What the first checkbox actually does is create an entitlements file, a property list with the root name from ‘Entitlements File’ (defaults to the project name) and ‘.entitlements’ as the extension (e.g., ‘Pretty Good Solitaire.entitlements’), and it adds that file to your project.  The other (app sandboxing) checkbox automatically adds the ‘com.apple.security.app-sandbox‘ key to the entitlements file, which sets the default/maximum restrictions.

In order to build with application sandboxing enabled, you must be code signing the project.  Clearly this is already the case for projects being submitted to the Mac App Store.  However, if you are only testing and/or do not have an appropriate certificate (such as in our case where, as a contractor, I do not have access to the distribution certificate), you can follow the instructions in the ‘Create a Code Signing Certificate for Testing‘ section of the App Sandbox Quick Start[Editor: Sorry for no direct link, but section links on that page are fuzzled.]  The next section, ‘Specify the Code Signing Identity’, explains how to make the new certificate work with your project.

3. Verify access failures

Your next step is to verify access failures with application sandboxing enabled in the project.  To do this, start by launching the Console utility (from ‘Utilities’) and clearing its display.  This will show log entries to confirm a service denied by sandboxing.

Now, work through the list of suspect features that you created earlier and retest every one of those features with the new signed/sandboxed build.  Failures are, of course, expected, and for every failure there should be a log entry in Console from “sandboxd” and usually containing the text “deny” and an indication of the restricted service.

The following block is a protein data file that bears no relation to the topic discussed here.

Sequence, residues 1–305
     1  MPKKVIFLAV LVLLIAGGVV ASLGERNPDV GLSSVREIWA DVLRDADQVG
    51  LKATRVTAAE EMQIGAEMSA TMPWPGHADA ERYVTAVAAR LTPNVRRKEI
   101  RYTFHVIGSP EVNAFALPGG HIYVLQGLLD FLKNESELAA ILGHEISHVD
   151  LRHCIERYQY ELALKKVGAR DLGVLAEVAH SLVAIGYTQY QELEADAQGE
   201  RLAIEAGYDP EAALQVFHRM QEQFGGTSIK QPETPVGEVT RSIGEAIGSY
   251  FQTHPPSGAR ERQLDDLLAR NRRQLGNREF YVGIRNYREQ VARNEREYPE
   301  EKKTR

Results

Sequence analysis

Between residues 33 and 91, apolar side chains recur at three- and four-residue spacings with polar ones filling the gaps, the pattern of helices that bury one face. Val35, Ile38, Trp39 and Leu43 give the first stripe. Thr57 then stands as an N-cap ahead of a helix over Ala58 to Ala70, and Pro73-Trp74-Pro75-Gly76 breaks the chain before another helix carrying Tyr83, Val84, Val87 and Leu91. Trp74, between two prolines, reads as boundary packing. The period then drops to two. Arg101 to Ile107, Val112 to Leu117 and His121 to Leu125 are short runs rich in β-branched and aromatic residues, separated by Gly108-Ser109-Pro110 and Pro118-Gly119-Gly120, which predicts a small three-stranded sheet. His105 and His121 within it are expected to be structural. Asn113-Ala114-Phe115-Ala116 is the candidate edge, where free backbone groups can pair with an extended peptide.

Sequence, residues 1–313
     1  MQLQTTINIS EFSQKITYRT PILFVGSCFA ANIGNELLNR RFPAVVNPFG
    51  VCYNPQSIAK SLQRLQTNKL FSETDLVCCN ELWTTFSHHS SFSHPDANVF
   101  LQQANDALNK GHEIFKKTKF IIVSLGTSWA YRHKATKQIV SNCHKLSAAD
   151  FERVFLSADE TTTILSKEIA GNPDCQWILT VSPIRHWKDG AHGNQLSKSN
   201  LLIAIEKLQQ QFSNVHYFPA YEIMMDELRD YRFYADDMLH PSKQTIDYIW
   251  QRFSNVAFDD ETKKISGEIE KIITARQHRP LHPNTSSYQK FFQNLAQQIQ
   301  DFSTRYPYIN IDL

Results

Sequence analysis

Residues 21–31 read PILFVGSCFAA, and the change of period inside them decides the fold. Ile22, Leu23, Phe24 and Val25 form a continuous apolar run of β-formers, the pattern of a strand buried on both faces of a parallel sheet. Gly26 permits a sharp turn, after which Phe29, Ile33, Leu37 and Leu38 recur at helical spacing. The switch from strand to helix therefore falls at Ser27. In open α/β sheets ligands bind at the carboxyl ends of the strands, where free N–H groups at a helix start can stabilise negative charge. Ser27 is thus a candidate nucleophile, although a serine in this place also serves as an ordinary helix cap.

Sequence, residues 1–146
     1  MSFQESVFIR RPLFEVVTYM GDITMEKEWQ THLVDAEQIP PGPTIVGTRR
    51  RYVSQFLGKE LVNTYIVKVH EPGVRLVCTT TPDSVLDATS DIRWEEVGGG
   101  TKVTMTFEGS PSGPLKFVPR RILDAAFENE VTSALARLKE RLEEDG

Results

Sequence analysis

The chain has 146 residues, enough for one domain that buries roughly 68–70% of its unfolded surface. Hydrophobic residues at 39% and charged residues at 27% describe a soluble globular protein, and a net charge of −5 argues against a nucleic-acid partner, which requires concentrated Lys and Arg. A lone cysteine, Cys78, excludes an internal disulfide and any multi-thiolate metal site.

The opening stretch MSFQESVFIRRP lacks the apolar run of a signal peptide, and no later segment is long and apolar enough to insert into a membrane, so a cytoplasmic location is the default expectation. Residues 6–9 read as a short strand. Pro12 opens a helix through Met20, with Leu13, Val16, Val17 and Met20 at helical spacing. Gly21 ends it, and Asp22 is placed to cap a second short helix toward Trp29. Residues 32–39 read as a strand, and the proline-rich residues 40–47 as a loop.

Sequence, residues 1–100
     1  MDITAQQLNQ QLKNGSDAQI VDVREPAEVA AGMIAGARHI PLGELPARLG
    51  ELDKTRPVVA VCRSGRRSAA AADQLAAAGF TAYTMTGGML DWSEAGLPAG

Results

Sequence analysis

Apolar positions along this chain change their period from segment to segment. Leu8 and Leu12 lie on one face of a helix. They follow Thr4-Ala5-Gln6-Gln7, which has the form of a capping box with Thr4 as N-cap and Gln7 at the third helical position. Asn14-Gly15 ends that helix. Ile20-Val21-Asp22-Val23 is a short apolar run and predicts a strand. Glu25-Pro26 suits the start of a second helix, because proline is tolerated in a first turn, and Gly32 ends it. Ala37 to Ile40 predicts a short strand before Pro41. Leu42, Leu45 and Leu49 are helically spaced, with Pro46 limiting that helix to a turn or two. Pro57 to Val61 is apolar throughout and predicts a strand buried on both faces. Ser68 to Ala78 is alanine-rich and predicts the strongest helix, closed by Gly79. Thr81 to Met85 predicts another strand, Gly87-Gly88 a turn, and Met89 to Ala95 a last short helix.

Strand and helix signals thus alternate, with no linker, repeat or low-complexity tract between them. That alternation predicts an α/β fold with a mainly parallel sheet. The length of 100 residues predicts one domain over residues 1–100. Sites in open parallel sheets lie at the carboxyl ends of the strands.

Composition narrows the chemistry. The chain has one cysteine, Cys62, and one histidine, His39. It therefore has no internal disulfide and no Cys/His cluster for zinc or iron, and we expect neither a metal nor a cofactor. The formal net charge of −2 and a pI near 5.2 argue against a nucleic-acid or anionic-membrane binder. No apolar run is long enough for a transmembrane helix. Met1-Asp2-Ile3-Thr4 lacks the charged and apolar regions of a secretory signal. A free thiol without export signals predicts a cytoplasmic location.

Note each confirmed failure, and determine which (if any) of the entitlements listed on the target ‘Summary’ page is likely to resolve the issue.  Do not make any changes to the entitlements until all of the suspect features are tested and notated.  A complete list of available entitlements can be found on the Enabling App Sandbox page of the Entitlement Key Reference.  (Note that some entitlements may not be listed on the ‘Summary’ page, requiring direct editing of the entitlements property file.)

If there are any features that are confirmed to fail only under sandboxing and for which there is not an appropriate entitlement, you may want to check the App Sandbox Temporary Exception Entitlements page for a solution that, as the name suggests, may work for the time being, but will probably not be available in the future.  If none of the entitlements nor temporary exceptions will resolve the problem, then you may need to redesign or remove that feature and/or lobby Apple to add an entitlement for the particular action you are attempting.

4. Add necessary entitlements

The next step is adding the necessary entitlements to the project, which should be done as an iterative process.  For each entitlement that you anticipate requiring, enable that entitlement, rebuild the project, then test every feature that is confirmed to have failed with sandboxing previously, noting each one that now functions correctly.

The general idea is that one should minimize the number of entitlements included (requested?) in a sandboxed application.  If you add an entitlement that does not actually help any of your features function, then you should immediately remove that entitlement.  Using excessive entitlements, in addition to reducing the (dubious) security, is a potential cause for rejection from the Mac App Store.  (In other words, simply checking all of the boxes may work in testing, but not for MAS submission.)